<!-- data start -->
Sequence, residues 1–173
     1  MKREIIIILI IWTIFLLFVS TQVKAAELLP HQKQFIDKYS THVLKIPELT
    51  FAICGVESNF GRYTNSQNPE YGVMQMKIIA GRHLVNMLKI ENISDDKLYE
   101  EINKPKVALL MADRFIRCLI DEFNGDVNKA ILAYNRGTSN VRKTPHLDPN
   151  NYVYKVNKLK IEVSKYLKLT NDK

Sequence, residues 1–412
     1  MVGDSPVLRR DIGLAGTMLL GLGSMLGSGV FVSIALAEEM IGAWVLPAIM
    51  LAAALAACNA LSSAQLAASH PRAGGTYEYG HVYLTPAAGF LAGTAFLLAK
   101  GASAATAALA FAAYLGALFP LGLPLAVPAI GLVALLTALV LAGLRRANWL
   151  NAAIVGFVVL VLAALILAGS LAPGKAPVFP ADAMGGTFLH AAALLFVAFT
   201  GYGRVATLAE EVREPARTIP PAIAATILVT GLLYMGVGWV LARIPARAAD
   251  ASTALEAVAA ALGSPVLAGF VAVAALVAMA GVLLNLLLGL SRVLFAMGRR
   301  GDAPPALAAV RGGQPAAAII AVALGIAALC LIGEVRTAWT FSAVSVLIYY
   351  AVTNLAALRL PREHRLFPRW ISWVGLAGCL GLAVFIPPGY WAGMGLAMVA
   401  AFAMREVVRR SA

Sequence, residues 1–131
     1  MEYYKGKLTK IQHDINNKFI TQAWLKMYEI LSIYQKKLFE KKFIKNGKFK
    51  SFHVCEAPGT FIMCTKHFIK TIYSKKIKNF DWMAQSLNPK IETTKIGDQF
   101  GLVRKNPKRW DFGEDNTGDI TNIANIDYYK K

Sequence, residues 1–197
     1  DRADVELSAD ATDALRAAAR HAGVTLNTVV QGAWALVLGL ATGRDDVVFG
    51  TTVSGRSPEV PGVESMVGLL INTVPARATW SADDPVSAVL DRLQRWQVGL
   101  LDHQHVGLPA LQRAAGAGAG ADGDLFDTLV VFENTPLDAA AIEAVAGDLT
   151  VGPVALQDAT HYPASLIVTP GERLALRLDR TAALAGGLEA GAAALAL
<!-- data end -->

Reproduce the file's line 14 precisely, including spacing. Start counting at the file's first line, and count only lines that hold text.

   351  AVTNLAALRL PREHRLFPRW ISWVGLAGCL GLAVFIPPGY WAGMGLAMVA